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Chemical Synthesis in the 21st Century: Dial-a-Molecule Annual Meeting 2015 Report

Posted on 12/01/2016

Dial-a-Molecule Annual Meeting

Celebrating success of the EPSRC Dial-a-Molecule Project

“Chemical Synthesis in the 21st Century” was the third running of the Dial-a-Molecule Annual Meeting series.

Returning to the University of Warwick, the meeting was held on the 30 June and 1 July 2015 and was attended by 66 delegates over the two days. The meeting included a number of different elements, including keynote lectures, updates from Dial-a-Molecule supported projects, posters, an exhibition showcasing technology developed within the Network and discussion sessions designed to implement and advance objectives set out in the Roadmap.Professor David Procter (University of Manchester) delivered the first of the two keynote lectures, describing research his group is undertaking towards identifying new methods for target synthesis by utilising copper catalysts and metal-free cross-coupling reactions.

Dr Rebecca Goss (University of St Andrews) followed in the afternoon with a very informative account of how synthetic chemistry can be combined with synthetic biology techniques to ‘Dial-a-Molecule’. After Gill Smith (Project Coordinator) gave an overview of the three Dial-a-Molecule inspired Manufacturing the Future projects, Prof Asterios Gavriilidis (UCL) and Prof Kevin Booker-Milburn (University of Bristol) provided updates on the projects they respectively lead: “Sustainable manufacturing in multiphase continuous reactors: Aerobic Oxidations” and “Factory in a Fume Cupboard: Reagentless flow reactors as enabling techniques for manufacture”.

Since the 2014 Edition of the Annual Meeting, Dial-a-Molecule has supported a number of small projects centred on advancing areas within the Roadmap. Dr Thomas Chamberlain(University of Leeds) gave an update on the project looking at developing carbon nanoreactor stabilised nanoparticle catalysts, and Dr Bao Nguyen (University of Leeds) described the progress his team have made on electrochemically switchable catalysts in flow.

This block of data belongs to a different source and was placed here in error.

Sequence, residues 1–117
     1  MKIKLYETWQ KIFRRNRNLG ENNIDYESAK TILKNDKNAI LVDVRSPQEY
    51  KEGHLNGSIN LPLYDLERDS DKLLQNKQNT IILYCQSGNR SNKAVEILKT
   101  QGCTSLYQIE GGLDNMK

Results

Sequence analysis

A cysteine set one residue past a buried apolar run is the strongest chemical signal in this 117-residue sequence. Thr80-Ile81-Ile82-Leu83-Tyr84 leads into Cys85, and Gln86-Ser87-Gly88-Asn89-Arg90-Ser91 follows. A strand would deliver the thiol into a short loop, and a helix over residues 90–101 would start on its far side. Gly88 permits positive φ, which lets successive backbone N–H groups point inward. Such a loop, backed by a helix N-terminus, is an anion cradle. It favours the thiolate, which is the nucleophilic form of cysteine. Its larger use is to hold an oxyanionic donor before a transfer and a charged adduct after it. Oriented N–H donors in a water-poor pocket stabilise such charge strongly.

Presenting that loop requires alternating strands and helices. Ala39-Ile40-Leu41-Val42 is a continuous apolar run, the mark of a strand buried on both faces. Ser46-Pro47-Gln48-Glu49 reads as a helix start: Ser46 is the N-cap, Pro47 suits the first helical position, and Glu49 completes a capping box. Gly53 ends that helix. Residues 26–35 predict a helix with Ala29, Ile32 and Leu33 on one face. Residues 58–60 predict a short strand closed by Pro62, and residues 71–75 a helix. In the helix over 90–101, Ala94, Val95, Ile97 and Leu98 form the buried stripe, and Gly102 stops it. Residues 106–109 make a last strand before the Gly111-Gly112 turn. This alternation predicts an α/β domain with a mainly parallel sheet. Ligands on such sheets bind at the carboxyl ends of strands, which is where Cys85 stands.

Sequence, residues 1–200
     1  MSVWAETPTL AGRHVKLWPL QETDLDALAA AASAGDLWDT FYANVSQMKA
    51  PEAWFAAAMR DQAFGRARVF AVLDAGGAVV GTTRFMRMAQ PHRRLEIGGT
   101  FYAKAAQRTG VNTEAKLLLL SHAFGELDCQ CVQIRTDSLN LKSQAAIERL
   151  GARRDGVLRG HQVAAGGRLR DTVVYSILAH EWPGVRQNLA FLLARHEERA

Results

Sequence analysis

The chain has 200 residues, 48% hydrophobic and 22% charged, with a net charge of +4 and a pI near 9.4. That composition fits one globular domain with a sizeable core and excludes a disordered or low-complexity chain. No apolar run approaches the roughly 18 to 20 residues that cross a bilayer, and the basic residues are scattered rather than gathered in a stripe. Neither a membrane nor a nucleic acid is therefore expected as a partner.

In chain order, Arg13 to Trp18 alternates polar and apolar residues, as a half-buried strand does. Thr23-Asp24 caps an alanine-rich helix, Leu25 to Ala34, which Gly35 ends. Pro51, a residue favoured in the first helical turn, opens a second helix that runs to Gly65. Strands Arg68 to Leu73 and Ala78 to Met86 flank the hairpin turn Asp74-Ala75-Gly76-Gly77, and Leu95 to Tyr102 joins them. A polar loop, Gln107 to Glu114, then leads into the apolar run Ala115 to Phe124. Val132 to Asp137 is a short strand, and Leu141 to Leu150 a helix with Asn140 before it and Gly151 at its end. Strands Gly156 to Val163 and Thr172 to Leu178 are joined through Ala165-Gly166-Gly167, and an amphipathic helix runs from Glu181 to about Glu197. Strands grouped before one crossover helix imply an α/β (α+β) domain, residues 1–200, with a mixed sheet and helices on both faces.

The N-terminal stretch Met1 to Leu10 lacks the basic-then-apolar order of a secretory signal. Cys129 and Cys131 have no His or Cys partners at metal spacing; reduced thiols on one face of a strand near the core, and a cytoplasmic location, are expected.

Dr Natalie Fey(University of Bristol) provided a progress report on the collaborative projects she is involved with, looking at the use of descriptor-led ligand screening in organometallic catalysis. Dr Richard Bourne (University of Leeds) rounded off the mini-project updates with his work on optimising reactions using statistical designs – both in the research and undergraduate laboratories. Prof Steve Marsden (University of Leeds) closed the meeting with an introduction to the European Lead Factory, and explained the opportunities available for academics to become involved.A highlight of the meeting for many was the exhibition which showcased technology developed in research labs across the Network. Each research consortium was given 4 minutes to give a quick introduction to the technology, which was followed by a hands-on exhibition.

There was a wide variety of items on show, including electrochemical flow cells and reactors, calorimeters, photochemical reactors, 3D printed flow reactors, mechanical grinding jars, wireless sensors and PCA maps developed for solvent selection.A unique aspect of Dial-a-Molecule meetings is the breakout discussion sessions that centre on specific objectives of the Roadmap.

Seven of these sessions were held over the two days:◦ Big Data and Predicting Reaction Outcomes◦ Towards a National Catalyst Collection◦ New Reactions with Impact◦ Lab of the Future◦ ELNs: Adoption and Data Standards◦ Enabling New Chemistry with FlowStatistical Methods in Chemistry Research

For the full meeting report visit:

http://www.dial-a-molecule.org/wp/blog/2015/07/chemical-synthesis-in-the-21st-century-dial-a-molecule-annual-meeting-2015-report/

 

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